A home’s foundation may falter for several reasons. Some damage is minor and can be patched pretty quickly, but other causes are more complex, more time consuming, and more expensive.
• Sometimes, hot weather is the culprit of foundation damage, which causes evaporation, and, in turn, causes the soil to shrink under the foundation.
• Tree roots can grow under and into the foundations of a house. Trees and plants can also experience transpiration, which is when the roots suck up water, also causing the soil to shrink and the structure to shift.
• Plumbing leaks are responsible for many faulty foundations. These water drips can cause foundation walls to move.
• Poor construction, inferior ground preparation, and poor soil can contribute significantly to the weakness of a home’s foundation.
• One of the more common reasons for foundation failure is improper drainage, where excess moisture causes erosion.
And these are just of the few causes for foundation damage in a house. To know more about the extent of foundation damage, you’ll need to bring in an expert.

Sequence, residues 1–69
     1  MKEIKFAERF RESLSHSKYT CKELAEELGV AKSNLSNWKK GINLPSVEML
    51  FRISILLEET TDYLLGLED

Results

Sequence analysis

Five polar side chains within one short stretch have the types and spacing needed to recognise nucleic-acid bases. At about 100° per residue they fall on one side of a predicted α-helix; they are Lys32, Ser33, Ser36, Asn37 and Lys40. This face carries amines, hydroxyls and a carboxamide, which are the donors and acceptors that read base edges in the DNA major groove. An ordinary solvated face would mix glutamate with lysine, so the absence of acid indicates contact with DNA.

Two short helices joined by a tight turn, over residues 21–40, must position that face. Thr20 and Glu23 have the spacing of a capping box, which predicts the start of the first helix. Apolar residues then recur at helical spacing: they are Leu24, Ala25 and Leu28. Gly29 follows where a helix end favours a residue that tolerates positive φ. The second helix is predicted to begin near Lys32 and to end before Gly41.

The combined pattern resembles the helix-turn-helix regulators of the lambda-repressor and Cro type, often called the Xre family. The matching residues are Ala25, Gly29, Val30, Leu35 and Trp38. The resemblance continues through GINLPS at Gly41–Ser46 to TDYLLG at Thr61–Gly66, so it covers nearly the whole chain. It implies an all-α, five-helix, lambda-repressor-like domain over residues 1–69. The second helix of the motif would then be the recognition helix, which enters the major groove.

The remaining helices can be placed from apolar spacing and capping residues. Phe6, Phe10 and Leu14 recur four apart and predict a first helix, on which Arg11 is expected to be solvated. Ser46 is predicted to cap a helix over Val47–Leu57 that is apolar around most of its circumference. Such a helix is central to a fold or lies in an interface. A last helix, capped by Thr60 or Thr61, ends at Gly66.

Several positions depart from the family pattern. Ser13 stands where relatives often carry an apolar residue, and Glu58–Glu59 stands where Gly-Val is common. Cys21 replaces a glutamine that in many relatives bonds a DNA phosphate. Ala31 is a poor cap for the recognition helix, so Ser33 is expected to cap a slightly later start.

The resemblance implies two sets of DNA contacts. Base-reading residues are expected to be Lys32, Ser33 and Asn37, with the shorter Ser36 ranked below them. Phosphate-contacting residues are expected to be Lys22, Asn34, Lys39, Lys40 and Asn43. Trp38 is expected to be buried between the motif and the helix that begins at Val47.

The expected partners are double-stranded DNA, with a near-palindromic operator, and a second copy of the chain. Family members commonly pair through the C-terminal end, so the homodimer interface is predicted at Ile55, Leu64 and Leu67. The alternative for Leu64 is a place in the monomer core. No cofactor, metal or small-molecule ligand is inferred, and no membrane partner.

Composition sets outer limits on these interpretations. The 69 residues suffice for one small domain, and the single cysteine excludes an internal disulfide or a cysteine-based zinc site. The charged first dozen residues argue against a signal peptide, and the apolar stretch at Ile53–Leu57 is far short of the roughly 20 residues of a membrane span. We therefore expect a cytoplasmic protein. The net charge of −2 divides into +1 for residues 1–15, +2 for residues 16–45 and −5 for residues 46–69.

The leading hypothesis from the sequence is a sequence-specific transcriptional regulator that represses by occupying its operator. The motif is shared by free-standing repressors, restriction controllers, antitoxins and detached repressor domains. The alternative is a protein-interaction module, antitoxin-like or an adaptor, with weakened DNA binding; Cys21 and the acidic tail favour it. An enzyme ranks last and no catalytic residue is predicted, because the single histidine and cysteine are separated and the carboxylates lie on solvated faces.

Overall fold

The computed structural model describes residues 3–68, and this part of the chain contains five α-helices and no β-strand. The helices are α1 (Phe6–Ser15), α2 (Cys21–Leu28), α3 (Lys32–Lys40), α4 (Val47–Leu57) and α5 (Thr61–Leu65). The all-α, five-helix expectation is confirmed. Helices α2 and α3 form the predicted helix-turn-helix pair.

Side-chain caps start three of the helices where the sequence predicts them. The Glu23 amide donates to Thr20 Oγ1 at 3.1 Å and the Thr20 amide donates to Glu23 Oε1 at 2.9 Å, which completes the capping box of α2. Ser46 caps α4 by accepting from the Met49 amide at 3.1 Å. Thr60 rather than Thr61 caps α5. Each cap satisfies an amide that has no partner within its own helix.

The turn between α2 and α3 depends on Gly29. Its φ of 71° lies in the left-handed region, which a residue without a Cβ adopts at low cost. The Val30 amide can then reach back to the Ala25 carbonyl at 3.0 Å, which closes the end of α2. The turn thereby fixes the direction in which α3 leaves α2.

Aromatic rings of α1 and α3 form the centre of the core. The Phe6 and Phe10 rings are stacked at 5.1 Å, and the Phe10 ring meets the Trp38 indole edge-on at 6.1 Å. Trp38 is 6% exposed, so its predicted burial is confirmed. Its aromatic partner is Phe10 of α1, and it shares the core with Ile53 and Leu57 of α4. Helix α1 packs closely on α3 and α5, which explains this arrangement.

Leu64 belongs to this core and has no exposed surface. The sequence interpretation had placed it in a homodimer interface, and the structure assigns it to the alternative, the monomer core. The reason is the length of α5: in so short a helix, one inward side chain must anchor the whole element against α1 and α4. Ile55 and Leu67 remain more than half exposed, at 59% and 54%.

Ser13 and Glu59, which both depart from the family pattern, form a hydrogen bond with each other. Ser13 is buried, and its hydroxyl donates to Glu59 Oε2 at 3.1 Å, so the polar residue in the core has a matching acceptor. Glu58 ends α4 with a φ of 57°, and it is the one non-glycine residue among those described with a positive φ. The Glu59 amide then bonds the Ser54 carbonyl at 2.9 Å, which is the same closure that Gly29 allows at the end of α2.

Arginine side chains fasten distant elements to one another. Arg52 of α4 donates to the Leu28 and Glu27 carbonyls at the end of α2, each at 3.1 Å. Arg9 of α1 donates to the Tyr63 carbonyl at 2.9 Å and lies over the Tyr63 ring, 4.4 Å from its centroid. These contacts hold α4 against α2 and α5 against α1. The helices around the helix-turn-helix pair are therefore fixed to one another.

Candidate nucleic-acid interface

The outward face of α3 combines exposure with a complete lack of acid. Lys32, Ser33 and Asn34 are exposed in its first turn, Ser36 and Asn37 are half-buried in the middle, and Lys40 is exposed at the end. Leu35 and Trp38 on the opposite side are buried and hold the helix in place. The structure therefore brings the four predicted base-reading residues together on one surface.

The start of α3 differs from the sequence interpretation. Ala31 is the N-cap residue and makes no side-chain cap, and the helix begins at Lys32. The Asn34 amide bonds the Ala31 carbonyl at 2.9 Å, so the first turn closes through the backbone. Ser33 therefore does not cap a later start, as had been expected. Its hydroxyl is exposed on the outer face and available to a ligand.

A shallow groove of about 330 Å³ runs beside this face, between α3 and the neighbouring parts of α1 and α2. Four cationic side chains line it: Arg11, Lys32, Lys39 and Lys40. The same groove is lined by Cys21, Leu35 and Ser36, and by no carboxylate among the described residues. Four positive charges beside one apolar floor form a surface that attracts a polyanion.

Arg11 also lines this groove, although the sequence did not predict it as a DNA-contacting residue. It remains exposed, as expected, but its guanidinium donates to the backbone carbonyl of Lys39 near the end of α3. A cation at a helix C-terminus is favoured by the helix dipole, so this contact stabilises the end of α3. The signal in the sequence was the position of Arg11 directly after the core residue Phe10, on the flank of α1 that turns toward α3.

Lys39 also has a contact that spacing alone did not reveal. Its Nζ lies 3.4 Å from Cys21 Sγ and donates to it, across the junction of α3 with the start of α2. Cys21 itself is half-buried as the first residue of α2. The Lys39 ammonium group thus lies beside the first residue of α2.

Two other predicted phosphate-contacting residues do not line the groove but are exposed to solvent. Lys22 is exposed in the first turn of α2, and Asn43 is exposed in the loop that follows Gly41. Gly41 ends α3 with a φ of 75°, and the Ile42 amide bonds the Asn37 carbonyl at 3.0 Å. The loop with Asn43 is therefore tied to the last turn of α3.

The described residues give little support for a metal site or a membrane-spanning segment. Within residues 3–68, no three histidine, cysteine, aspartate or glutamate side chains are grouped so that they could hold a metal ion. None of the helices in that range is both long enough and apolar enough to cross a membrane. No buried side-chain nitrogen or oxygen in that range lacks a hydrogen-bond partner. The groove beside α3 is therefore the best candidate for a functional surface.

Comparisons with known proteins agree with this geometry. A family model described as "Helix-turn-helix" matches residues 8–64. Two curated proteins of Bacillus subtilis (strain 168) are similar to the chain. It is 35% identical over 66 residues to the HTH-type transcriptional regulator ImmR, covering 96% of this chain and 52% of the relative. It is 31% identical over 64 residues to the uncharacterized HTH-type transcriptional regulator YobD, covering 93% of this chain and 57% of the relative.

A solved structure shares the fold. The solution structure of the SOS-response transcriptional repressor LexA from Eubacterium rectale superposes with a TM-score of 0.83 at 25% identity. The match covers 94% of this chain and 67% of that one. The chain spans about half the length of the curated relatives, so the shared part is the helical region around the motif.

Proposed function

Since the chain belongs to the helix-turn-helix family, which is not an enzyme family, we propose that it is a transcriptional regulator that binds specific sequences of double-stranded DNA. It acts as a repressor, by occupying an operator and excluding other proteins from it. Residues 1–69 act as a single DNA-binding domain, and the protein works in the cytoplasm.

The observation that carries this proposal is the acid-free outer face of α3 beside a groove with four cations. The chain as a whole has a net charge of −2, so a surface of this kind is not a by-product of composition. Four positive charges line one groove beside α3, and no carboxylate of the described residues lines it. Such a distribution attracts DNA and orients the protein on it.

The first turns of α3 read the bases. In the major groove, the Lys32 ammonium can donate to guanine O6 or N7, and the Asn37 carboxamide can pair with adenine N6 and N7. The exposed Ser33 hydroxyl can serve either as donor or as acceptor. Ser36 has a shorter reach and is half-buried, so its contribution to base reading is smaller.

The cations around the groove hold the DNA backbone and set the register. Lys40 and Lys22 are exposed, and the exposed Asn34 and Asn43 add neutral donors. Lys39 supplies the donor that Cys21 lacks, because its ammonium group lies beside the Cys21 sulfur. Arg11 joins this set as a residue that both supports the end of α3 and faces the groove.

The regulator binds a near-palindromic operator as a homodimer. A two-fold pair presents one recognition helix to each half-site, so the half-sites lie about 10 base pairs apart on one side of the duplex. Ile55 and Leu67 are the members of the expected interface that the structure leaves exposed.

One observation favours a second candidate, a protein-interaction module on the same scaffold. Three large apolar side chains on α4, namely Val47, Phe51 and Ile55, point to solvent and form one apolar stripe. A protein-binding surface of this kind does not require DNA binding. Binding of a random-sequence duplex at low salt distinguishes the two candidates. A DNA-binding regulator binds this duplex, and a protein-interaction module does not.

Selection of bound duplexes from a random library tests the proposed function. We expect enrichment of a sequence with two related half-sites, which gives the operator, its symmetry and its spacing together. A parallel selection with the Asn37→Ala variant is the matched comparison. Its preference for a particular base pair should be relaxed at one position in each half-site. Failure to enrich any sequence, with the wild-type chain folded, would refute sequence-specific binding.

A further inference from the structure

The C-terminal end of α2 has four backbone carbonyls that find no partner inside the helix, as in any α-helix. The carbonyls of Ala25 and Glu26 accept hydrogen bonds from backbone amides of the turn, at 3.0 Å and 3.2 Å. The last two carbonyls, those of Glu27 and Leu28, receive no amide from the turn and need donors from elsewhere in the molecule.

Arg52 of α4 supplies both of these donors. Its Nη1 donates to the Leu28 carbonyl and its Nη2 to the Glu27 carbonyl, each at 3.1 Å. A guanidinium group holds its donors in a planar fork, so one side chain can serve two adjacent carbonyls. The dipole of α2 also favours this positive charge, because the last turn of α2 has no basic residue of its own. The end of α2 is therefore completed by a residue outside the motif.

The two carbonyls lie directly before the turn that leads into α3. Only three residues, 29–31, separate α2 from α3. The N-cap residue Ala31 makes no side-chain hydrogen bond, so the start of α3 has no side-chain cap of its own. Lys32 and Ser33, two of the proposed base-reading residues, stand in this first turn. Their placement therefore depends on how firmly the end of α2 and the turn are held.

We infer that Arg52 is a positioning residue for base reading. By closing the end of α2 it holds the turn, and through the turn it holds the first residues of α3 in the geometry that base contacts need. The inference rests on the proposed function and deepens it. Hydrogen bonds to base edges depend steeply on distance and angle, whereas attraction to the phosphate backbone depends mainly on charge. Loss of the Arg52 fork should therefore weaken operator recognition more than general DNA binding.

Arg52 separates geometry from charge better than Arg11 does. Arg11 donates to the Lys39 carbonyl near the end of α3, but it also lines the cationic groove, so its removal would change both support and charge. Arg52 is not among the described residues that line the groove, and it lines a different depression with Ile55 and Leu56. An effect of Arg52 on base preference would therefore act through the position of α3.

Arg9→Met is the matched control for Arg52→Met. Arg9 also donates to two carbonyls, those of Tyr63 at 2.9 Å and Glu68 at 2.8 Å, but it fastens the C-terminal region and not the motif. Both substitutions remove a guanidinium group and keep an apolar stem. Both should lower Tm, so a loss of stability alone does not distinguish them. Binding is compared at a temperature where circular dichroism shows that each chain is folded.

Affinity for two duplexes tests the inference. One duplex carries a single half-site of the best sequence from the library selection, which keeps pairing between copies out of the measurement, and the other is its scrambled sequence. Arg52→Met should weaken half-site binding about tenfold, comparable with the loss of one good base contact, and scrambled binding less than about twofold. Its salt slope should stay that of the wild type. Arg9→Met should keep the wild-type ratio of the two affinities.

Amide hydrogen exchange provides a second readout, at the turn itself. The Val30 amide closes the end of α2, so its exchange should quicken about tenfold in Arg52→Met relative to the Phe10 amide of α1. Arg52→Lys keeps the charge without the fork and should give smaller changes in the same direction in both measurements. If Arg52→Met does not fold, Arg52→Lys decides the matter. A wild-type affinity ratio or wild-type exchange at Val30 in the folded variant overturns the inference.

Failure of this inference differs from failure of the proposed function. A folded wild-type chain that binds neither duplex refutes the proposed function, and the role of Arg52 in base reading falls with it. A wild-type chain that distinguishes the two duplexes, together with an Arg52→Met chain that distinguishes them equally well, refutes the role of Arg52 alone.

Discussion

The Difference Between a Home Inspector and a Structural Engineer
Most houses, during the sales process, must have a home inspection. While a standard home inspection may reveal some foundation problems, it’s geared more toward the property’s overall condition. A standard home inspector will check:
• Building Structure
• Electrical systems
• Heating and cooling
• Insulation and ventilation
On the contrary, a structural engineer solely focuses on the stability of the structure. As opposed to a strictly visual and subjective home inspection, a structural engineer maps out the foundation, framing, and roofing, surveying at each floor level. The structural engineer looks at:
• Floor structure
It’s essential to have the right inspection, so you have a deep and thorough understanding of the level of damage.
In most cases, the seller won’t mind if you ask for a structural engineer to inspect the property, especially if there are already visible signs of damage. And, if the seller refuses, that could be a big red flag to back away from that property.
Beyond the Foundation | The Root of the Problem
Sadly, foundation issues aren’t always the root problem. They’re usually only a symptom of another problem in or around the structure.